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Gardeners Advice


Wise watering
19 May

Wise watering

Posted By: rocket veg Category: Plant Care

Ok, so we’ve had a few drops of rain this week, so why an article about watering, I hear you mutter. As well as giving the ground a thorough soaking, the wonderful rain on Tuesday and Wednesday has replenished barrels and tanks, so no excuses for resorting to mains water (which is what I ended up doing during the long, dry spell). I don’t have much faith in long-term weather forecasts, but if the recent pattern of summer weather holds true for 2017, we are likely to have more dry spells, so here, in four simple steps, is my guide to being a Wise Waterer.

Step one: conserve water

All gardeners – especially those of us who love growing veg - should aim to conserve rainwater, so if you don’t have guttering on your shed, greenhouse or polytunnel, linked up to a suitable container, add it to your list of ‘To Dos’. Your water collection system doesn’t have to be a posh affair: discarded lengths of guttering and pipe are often to be seen sticking out from the skip outside a house which is being renovated and various places in and around Bristol give away or sell recycled plastic barrels. If you have space behind or alongside your garden shed, link several barrels together with hose so that water is siphoned between them during storage and subsequent use. Using rainwater stored on your own plot – close to where it will be needed - also saves fetching and carrying from a distant tap or tank.

Step two: ingenious irrigation

When watering, aim to give plants a thorough soaking every few days, rather than a quick sprinkle each time you visit your allotment. Light watering can actually do more harm than good, failing to reach the main roots and encouraging surface roots to develop which then dry quickly when the sun shines. Some veg plants, such as cabbages, grow strong by searching out moisture deep in the soil, putting down long roots in the process. If at all possible, do your watering first thing in the morning, or late evening when evaporation rates are at their slowest.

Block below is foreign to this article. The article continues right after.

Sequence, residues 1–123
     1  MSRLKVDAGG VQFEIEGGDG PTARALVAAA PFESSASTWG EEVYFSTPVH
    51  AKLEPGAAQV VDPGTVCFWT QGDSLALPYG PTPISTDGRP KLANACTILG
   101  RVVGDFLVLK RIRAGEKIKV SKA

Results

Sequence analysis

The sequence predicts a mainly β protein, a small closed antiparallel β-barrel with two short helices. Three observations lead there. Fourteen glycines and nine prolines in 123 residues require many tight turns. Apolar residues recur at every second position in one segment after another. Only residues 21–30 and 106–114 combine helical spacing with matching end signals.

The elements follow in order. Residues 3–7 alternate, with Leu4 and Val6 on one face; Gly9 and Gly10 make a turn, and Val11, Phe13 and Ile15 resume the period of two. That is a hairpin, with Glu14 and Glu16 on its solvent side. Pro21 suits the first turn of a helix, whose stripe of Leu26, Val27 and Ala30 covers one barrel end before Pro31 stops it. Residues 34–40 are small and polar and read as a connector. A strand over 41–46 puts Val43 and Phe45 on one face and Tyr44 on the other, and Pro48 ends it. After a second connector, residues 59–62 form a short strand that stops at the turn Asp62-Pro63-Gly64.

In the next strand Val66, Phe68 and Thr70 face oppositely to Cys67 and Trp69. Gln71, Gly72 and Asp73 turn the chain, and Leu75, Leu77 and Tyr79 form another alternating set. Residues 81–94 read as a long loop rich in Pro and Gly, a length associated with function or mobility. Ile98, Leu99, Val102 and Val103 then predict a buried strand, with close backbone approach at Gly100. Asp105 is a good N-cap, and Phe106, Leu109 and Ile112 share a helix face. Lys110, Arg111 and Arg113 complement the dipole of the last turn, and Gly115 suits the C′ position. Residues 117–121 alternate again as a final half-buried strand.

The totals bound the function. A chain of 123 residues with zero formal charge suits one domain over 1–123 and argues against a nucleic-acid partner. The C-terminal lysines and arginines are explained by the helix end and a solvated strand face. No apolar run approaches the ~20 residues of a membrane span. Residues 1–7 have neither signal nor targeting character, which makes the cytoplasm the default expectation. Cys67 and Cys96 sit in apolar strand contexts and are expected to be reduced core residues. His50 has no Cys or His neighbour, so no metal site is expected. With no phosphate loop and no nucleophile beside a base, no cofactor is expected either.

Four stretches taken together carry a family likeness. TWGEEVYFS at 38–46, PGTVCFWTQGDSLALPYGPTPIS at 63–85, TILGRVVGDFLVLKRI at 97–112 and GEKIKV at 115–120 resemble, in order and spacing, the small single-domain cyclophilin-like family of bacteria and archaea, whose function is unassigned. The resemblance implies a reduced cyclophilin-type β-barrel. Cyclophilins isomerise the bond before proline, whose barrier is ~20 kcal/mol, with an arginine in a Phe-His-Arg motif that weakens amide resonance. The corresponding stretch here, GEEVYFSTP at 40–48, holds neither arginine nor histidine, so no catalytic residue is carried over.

If you are lucky enough to have a greenhouse or polytunnel, how about setting up a simple irrigation system which wicks water on a slow and steady basis to the plants which need it most. More ingenuity required…

Step three: take good care of your soil

Soil management is a huge topic in its own right and subject to countless research studies and lengthy articles. When it comes to wise watering, adding organic matter to your soil on a regular basis increases the soil’s moisture-retention properties by the equivalent of 50mm of rain during the year after it was added – enough to supply plants for at least 20 days.

Mulching around plants with organic matter, such as a thick layer of grass clippings, leaves, bark chippings, not only slows the rate of evaporation from the soil but also deters weed growth. In time, the ‘mulch matter’ becomes incorporated into the soil. Avoid mulching when the ground is dry as any subsequent rainfall will struggle to reach the plant roots.

Step four: prudent planting

Plant fruit bushes, fruit trees and soft fruit plants during the autumn and winter when the plants are dormant, requiring less water and the soil should be well-soaked.  When buying seed or plants, choose drought-tolerant varieties if available. Salad crops, tomatoes, courgettes and peas are all at the thirty end of the watering spectrum. Once established, sweetcorn, squash and pumpkins require much less.

Without wishing for a wet summer, I hope we have enough rainfall over the coming weeks to keep our tanks full and water bills down. 

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